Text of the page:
On first viewing, Bert Call's photographs of Maine's natural and cultural landscape seem simple in their intention and accomplishment. Yet in many of his photographs (including those in this exhibit), Call's characteristic compositional style, his use of light and shadow to create a mood, his evident interest in photography as a formal medium, and his selection of symbolically charged subject-matter suggest that his intentions went far beyond social documentation to include the kind of complex multi-layered psychological projection that one more often associates with painters and sculptors.
A photograph always has a subject; it is always about something. So it is all too easy to overlook the presence of the artist-photographer behind the lens, especially when the photographer has made straight-forward unembellished images with historically relevant subject-matter. Yet beneath the documentary subject-matter of Call's work, it is the sensibility of the photographer that gives his images meaning and organization. The individual photographs provide entry into Call's inner world, his affections and his fears, as well as into the terrain where he lived and traveled. And, collectively, Call's photographic work creates a world of its own, with a specific conceptual geography of ideas and emotions.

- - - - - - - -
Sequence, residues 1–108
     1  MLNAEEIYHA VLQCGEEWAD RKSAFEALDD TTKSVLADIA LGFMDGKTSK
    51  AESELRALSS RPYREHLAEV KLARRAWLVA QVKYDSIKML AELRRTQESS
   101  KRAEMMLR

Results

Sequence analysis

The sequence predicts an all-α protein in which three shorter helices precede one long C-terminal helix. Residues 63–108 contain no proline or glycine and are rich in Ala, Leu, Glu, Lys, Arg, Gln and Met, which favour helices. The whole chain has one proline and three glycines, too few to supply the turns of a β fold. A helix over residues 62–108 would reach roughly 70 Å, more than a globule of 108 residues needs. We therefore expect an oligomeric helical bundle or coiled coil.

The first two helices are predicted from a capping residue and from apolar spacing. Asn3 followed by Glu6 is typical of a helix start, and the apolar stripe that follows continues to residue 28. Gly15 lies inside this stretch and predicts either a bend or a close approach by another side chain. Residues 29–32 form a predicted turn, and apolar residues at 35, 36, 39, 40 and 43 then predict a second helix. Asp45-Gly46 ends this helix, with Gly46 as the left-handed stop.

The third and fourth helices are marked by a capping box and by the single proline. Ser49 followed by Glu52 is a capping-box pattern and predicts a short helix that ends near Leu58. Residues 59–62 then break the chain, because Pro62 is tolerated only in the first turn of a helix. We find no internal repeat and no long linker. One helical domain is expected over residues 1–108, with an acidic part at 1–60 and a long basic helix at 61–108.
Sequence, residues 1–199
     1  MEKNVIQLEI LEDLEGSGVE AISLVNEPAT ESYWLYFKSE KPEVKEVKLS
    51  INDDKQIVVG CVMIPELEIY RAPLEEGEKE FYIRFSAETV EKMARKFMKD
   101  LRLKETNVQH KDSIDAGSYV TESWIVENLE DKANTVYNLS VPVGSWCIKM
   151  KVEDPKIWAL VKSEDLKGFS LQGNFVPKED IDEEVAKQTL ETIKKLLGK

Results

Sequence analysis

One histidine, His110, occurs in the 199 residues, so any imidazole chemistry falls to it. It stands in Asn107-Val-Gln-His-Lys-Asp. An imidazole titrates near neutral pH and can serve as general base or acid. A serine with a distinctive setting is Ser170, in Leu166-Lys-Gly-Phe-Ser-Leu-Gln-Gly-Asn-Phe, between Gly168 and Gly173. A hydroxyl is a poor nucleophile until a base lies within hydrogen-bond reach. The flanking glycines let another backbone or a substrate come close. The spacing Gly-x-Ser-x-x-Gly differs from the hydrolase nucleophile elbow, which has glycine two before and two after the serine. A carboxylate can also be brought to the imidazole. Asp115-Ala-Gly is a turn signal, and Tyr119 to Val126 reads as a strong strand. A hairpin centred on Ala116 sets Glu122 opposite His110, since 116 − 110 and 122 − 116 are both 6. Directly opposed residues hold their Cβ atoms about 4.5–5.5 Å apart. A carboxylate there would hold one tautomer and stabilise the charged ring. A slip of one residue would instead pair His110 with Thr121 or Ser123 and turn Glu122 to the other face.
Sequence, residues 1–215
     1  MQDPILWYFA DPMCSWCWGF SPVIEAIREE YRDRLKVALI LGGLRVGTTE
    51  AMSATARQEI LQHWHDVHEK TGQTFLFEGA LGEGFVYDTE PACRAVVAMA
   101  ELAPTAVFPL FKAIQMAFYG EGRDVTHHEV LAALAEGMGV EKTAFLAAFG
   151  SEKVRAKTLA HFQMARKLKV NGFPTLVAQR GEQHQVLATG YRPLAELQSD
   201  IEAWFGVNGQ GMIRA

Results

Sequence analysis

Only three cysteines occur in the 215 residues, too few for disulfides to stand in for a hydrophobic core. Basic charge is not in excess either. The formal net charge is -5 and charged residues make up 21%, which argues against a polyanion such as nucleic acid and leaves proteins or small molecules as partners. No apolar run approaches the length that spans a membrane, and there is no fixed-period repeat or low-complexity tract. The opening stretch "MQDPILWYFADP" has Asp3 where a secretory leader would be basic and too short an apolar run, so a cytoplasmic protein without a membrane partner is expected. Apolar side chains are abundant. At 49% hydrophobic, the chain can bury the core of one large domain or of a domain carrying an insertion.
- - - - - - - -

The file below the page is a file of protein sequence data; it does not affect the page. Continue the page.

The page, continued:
The layering of meaning in these photographs is best revealed through a slow consideration of them. Viewers would do well to think about the implications of Call's portrayal of a natural and human landscape that was then (as it is now) in rapid transition. These photographs, through their great compositional strength, imply that life as a whole is a never-ending process of transformation, mirrored by the ongoing inner transformation found within the psyche of the photographer. If the natural world is seen as a transcendent source of health, it is also presented as vulnerable and, at times, as threatening. Within his complex artistic vision, Call expresses his deep respect for the landscape around him and his awareness of that landscape's (and his own life's) fragile beauty.
—Michael Alpert, Director, University of Maine Press, Orono, Maine 2009